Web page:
Details of which enzymes are used within enzyme detergent endoscope cleaners and the ways in which they are best used are rarely published.
Enzyme Detergent Endoscope Cleaners misunderstandings
Common misunderstandings exist pertaining to the application of enzymatic enzyme detergents including the times and temperatures for optimal cleaning outcomes, for cleaning of instruments prior to sterilization. Although generalities can be misleading for specific applications the parameters for the use of enzymatic enzyme detergents that can render a high probability of excellent cleaning outcomes are available from some manufacturers of enzymatic enzyme detergents.
Enzyme Detergent Endoscope Cleaners Optimal Temperatures:
The optimal temperature for maximum enzymatic enzyme detergent cleaning performance peaks at 137 degrees Fahrenheit (137 degree Fahrenheit = 58.33 degree Celsius). The cleaning activity of the enzyme detergents at temperatures below and above this point is less but does offer cleaning value. The cleaning activity of the enzyme detergents does not stop at this temperature but is does lessen as the temperature increases.
Enzyme Detergent Endoscope Cleaners Optimal Dosage Rates:
It is feasible to manufacture an enzymatic enzyme detergent that is truly highly concentrated, as the most prominent ingredient of even the most concentrated enzymatic enzyme detergents is water. The optimal dosage rate (ounces diluted per diluents solution, usually neutral pH water) is a function of the types of enzymes and the concentration level of enzymes. Some manufacturers suggest that a significantly smaller dosage of their enzymatic enzyme detergent is needed but do not specifically state how effective their enzymatic enzyme detergent is at that dosage level. A key factor affecting the efficacy of any enzymatic enzyme detergent is the concentration level of the enzymatic enzyme detergent as it is packaged prior to dilution. Also, it is important that the enzymatic enzyme detergents must deliver each of the 4 enzymes necessary for removing bioburden at appropriate concentration levels. Claims that an enzymatic enzyme detergent is "multi" enzymatic is void of fact and these enzymatic enzyme detergent are usually severely lacking in the 4 enzymes necessary as well as the individual concentration level of each of the enzyme detergents needed.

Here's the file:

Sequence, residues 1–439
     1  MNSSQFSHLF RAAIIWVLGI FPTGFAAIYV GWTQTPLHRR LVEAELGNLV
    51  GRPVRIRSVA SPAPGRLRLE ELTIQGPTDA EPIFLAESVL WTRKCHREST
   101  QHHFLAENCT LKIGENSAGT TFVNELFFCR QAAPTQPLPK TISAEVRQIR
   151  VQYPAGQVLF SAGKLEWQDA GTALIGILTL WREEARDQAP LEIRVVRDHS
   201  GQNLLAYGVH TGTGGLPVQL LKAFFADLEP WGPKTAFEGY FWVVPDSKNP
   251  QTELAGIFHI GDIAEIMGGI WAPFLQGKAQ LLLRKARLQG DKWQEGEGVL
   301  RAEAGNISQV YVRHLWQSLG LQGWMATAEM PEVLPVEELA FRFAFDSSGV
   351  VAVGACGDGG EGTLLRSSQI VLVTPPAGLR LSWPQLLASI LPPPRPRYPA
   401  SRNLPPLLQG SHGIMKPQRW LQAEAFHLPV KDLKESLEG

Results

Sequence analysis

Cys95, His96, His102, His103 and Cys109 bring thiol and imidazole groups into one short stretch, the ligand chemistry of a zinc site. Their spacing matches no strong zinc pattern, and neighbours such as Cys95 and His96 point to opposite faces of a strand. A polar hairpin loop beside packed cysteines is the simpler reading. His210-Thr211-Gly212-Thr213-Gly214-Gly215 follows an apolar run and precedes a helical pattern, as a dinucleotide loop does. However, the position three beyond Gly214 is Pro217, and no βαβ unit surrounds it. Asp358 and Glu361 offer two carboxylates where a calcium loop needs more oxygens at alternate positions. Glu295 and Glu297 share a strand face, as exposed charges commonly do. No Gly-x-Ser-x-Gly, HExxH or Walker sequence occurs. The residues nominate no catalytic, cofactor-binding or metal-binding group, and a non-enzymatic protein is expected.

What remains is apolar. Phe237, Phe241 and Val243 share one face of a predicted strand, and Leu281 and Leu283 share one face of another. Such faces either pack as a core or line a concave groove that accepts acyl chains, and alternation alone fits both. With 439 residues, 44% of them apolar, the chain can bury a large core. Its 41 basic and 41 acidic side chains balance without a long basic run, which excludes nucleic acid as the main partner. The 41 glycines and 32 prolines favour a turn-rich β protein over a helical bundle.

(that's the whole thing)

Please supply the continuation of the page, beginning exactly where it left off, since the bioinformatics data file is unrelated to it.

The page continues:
It is commonly stated that enzymes clean. Enzymes alone do not clean. The primary function of enzymes is to break down soil, usually surgical bioburden. For a cleaning product to clean, surfactant detergents are necessary that will remove the soil from the surface. A combination of enzymes and detergents is necessary for optimal “cleaning”. Enzyme and Detergent combination products are referred to as “Enzymatic Enzyme Detergents” or "all-in-one enzymatic enzyme detergents".
Enzymatic Enzyme Detergents should be free rinsing to render a residue free surface. Enzymatic Enzyme Detergents should be designed to condition the source water to counter the potential pitting and staining effects of hard water. The primary goal of Enzymatic Enzyme Detergent cleaning is to remove soil (surgical bioburden), which includes proteins, starches and lipids. To accomplish this, the Enzymatic Enzyme Detergents must contain 4 enzyme detergents.
The types of Medical Enzyme Detergent Cleaners are: Lipase Enzyme Medical Cleaners breakdown fat to cleave fatty acid residue from the glycerol residue in a neutral fat or a phospholipid, Amylase Enzyme Medical Cleaners breakdown starch, to catalyze the hydrolysis of starch to sugar to produce carbohydrate derivatives, Carbohydrase Enzyme Medical Cleaners breakdown starch to a lower level to catalyze the hydrolysis of higher carbohydrates to lower forms, Protease Enzyme Medical Detergent Cleaners breakdown blood including the proteinases and peptidases, to catalyze the hydrolytic breakdown of proteins.